In one painless, 30-minute surgical procedure, our surgeon Dr. Kenneth Lindahl will remove the cloudy lens in your eye and replace it with a new, clear artificial lens implant, called an intraocular lens (IOL). This new lens will allow light to pass through and focus properly on the retina, restoring clear vision.
Cataract surgery is performed as an out-patient procedure and does not require an overnight hospital stay. After an hour or two in recovery, you are free to go home, with care instructions and a follow up appointment, usually scheduled for the next day. Within a week or two, you will be back to your normal activities, with greatly improved vision.
If you need glasses before cataract surgery, you will likely still need them after surgery unless you choose (at extra cost) an advanced lens implant. While Medicare covers a standard monofocal implant for cataract treatment, advanced lenses, which may restore excellent vision without glasses, are an additional cost.
This is the most important step in cataract treatment. We want to understand everything we can about your eyes and general health to give you the best results. We will review your vision correction history (glasses and contact lenses), determine the uniformity of your cornea, and rule out other eye conditions. This exam may include dilation to evaluate the retina.
This is the time to discuss your choice of lens implant with Dr. Lindahl. The standard monofocal lens implant is covered by Medicare and other insurers. Newer, more advanced lenses, which may reduce or eliminate the need for glasses after your surgery, are elective and are not covered by insurance. Dr. Lindahl will discuss your options, advantages, and drawbacks based on your particular eye conditions and your vision goals.
Once you and Dr. Lindahl have determined that cataract surgery is the right next step, we will schedule initial pre-operative tests and surgery dates.
In this second phase, we will conduct a series of in-depth tests to measure your eyes and supply all the data we need, including master readings to accurately calculate your intraocular lens (IOL). For most patients, these procedures are non-contact – nothing touches the eye itself. In complicated cases with severe corneal irregularities, or for astigmatism correction, corneal mapping is used to measure the front and back; we may also need to measure pupils to determine the best lens for you.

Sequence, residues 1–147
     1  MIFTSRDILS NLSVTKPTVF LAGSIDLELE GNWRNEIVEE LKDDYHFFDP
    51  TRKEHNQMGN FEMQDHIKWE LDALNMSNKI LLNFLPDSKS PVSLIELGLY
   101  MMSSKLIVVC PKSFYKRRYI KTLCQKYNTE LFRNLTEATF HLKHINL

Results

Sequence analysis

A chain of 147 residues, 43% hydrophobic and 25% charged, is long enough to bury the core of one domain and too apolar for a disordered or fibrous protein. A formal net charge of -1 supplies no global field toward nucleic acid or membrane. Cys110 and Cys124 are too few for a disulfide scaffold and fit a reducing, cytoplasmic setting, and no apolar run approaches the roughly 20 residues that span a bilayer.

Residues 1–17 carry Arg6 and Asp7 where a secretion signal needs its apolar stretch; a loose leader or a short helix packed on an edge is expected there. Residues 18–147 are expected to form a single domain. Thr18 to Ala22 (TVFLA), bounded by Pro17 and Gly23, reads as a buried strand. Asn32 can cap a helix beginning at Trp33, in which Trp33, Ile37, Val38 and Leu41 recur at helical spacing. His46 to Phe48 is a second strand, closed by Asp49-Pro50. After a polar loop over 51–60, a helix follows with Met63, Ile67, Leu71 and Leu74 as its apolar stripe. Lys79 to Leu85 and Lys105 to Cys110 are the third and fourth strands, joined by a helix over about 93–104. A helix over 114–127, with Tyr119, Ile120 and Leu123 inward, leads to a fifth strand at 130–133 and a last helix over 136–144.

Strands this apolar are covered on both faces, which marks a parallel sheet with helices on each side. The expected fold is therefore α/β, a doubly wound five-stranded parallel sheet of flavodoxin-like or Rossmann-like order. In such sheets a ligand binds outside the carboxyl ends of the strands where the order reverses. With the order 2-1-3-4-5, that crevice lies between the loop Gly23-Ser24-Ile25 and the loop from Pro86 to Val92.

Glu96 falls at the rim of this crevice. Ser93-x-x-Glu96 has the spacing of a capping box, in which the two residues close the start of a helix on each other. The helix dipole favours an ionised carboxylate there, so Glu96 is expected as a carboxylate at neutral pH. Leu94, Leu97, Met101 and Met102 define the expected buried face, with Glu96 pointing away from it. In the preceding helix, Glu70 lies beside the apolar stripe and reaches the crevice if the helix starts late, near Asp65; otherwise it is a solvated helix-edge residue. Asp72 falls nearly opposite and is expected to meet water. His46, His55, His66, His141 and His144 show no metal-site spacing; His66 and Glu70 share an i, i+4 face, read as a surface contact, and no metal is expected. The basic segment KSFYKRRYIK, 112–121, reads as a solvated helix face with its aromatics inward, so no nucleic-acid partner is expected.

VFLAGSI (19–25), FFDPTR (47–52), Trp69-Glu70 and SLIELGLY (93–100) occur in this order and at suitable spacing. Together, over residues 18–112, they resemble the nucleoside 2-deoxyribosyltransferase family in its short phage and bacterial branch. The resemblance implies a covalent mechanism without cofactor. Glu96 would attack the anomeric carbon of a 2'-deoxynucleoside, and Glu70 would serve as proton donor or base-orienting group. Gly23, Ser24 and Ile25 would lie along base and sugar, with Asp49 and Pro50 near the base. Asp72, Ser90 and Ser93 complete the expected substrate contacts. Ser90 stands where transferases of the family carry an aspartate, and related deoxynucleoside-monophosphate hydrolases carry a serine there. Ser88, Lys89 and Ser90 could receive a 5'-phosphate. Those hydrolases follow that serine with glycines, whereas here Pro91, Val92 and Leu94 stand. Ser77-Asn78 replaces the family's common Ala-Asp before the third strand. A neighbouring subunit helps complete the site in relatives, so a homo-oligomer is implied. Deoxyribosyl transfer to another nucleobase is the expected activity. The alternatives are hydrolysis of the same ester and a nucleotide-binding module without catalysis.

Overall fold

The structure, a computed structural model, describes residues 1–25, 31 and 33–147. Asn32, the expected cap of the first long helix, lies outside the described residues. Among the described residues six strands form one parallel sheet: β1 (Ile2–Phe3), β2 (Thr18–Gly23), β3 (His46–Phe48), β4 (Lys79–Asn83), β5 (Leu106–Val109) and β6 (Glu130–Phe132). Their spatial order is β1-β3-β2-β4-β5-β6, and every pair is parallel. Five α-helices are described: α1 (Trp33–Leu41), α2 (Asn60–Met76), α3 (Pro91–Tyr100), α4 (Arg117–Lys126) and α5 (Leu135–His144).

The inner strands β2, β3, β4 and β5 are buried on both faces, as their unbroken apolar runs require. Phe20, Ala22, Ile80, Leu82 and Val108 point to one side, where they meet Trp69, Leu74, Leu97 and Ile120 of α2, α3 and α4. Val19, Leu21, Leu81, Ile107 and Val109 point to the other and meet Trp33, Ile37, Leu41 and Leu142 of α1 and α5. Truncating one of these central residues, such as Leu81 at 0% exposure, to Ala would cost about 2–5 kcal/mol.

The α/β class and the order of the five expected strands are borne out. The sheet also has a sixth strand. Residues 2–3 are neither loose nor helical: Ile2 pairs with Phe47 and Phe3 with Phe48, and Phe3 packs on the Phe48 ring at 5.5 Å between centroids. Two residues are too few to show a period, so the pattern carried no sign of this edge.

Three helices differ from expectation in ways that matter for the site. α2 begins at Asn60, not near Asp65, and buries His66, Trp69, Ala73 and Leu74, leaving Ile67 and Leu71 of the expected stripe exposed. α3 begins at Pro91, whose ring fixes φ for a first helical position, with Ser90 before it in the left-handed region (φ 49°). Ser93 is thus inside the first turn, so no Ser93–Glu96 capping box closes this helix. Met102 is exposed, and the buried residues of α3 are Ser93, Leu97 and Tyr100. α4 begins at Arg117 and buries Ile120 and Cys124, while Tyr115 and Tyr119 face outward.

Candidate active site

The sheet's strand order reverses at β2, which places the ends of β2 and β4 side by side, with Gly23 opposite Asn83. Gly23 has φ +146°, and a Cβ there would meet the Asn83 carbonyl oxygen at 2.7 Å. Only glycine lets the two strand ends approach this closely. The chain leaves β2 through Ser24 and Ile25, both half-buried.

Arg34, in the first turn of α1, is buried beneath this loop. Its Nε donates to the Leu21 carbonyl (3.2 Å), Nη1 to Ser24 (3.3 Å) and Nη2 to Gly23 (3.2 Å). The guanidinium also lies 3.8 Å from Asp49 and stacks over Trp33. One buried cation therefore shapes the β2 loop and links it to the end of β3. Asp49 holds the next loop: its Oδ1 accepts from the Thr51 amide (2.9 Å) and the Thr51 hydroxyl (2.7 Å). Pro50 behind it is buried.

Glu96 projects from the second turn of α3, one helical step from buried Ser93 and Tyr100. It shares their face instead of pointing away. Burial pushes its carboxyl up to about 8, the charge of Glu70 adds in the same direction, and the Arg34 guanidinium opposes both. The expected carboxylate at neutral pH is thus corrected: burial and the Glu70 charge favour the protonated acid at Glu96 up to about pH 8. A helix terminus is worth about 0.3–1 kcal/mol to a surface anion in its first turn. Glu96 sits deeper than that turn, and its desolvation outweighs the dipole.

We provide in-depth counseling on lens options, including the Monofocal IOL (covered by Medicare) or an advanced IOL (an additional cost). Advances in lens design mean that refractive errors such as nearsightedness, farsightedness, and astigmatism can also be corrected during cataract surgery, if desired.
Our goal in the pre-operative and testing phase is to answer your questions and thoroughly evaluate your eyes and prepare you and our team for your particular surgery. surgery.
Once you are settled in the treatment room, an anesthesiologist will give you relaxation medication and monitor you throughout your surgery. The skin around your eye will be thoroughly cleansed and sterile coverings will be placed around your eye and face.
Then, using the advanced blade-free LenSx® femtosecond laser system, Dr. Lindahl makes computer-controlled micro-incisions and gently breaks up the cloudy cataract. This revolutionary laser system provides a detailed, real-time 3-dimensional image of the eye for absolute surgical precision. Then Dr. Lindahl inserts the new intraocular lens (IOL) – a synthetic lens that replaces the natural lens of the eye -- into its permanent position. Most incisions are self-sealing.
Our advanced LenSx® femtosecond laser system offers better outcomes for cataract surgery because it is based on computerized precision-controlled equipment, eliminating the possibility of human error. In the skilled hands of Dr. Lindahl, these tools allow precise and customized treatment, with rapid healing and recovery.
The procedure – less than 30-minutes -- is performed on each eye separately, with the second eye done about two weeks after the first to ensure there are no complications and to give the first eye time to adjust.
You may return to normal activity the day after surgery. We will schedule a series of post-operative visits to closely monitor your progress. You will be given a protective shield for your eye and spend a short time in the outpatient recovery area before you go home. Make arrangements for someone else to drive you home after surgery. Most patients can go back to driving within a day or two of the procedure.
During the first two weeks after surgery, you will need to use drops, and limit strenuous activity like swimming and avoid exposure to dust and grime. During the first week, you will wear a protective shield while sleeping or napping. During this early stage of healing, you may notice vision fluctuations and dryness, conditions which will gradually disappear over time.
Except for any co-payments that may be required by your insurer, the cost of your procedure includes a series of post-operative exams, the first being the day after your surgery. Others occur at one week, one month, and six-to-nine month intervals.